At the DENOSA Peadiatric Nursing Symposium held at Waterfront Hotel in Durban, DENOSA Provincial Organiser, Mandla Shabangu opened the Symposium and said he hopes that peadiatric nurses will engage every presentation as part of learning.
"We meet after a sad day of heavy storms in Durban two days ago. Regardless of that, however, as nurses we are still expected to be well-informed and capacitated and be of value to our communities.
"The first 1000 days of the infant is very important. In this Symposium, we are working with the Department of Health Nestle. We are happy with the presence of the Department of Health, but most of its focus in the first 1000 days of the baby is breast-feeding. But what happens when the mother is not willing to do so, for reasons that are related to health?" he asked.
Nestle's Medical and Scientific Affairs Assistant Manager, Claire Tolmay, emphasised that the first 1000 days of the baby is very important. She also points that nutrition pre- and post-delivery is very important for babies. To point this out, she adds that the malnarished the mother is, the smaller the baby becomes and so on. "Did you know that if the baby is going to be diabetic, that that can be discovered during the pregnancy?"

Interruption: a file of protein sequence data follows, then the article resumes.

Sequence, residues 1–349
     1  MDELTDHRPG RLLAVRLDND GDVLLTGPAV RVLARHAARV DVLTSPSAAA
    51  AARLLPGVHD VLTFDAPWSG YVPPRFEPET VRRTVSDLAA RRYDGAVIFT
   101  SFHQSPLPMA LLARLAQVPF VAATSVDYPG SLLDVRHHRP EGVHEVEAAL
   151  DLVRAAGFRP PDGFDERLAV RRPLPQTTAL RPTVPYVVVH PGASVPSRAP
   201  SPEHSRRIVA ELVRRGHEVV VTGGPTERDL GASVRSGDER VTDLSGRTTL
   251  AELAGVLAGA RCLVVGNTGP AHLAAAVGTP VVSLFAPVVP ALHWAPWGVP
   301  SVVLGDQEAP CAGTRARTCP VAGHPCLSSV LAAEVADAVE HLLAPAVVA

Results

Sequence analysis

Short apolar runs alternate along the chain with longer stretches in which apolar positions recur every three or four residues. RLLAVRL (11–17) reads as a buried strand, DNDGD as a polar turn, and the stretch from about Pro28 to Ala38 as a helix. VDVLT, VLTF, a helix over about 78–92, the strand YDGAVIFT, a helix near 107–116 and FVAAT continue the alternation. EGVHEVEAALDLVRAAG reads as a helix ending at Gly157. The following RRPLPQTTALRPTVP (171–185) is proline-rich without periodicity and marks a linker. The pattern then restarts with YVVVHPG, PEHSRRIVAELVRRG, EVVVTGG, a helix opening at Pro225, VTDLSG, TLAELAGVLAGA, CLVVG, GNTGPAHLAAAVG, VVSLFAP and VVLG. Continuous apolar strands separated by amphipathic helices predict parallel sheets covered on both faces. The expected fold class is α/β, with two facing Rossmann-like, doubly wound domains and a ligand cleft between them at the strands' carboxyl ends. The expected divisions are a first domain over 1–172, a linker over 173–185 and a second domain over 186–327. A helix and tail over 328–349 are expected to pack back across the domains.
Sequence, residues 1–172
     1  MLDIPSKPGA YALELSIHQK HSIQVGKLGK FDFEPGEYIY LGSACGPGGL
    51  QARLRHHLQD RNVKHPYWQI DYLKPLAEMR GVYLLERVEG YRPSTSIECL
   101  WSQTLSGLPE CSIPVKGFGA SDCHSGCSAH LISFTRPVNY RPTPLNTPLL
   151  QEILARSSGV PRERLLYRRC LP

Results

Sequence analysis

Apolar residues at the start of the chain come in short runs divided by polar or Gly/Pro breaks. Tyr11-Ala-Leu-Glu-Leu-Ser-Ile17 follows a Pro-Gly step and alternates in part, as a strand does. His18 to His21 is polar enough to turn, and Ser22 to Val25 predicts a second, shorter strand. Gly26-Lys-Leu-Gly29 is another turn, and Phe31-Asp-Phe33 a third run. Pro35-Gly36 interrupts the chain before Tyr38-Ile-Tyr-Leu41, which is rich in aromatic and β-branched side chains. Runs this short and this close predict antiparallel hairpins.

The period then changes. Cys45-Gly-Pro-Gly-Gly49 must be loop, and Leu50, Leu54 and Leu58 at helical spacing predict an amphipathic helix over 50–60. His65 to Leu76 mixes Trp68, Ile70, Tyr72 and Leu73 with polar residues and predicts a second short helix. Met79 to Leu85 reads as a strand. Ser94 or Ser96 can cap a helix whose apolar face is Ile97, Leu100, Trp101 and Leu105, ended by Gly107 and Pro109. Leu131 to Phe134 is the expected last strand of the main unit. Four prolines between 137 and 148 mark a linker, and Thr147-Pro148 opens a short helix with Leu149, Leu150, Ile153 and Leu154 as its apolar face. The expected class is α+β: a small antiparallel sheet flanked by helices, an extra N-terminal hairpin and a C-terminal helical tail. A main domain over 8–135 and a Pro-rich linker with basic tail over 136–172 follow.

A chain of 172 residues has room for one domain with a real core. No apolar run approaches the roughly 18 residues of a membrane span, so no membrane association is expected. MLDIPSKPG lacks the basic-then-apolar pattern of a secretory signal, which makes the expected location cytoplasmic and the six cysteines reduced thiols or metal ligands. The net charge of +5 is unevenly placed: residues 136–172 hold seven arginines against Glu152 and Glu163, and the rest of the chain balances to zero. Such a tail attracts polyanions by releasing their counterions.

"So, the nutrition that mothers have in their stomachs determines whether the baby will be diabetic - while they are in the womb - or whether they will have cadiovascular disease or obesity. So, we can blame fast-foods all we want."
She says milk is very important, and so important that in the US it is sold in Mls, just as important as gold is to us in South Africa, which we sell in ounces and grams.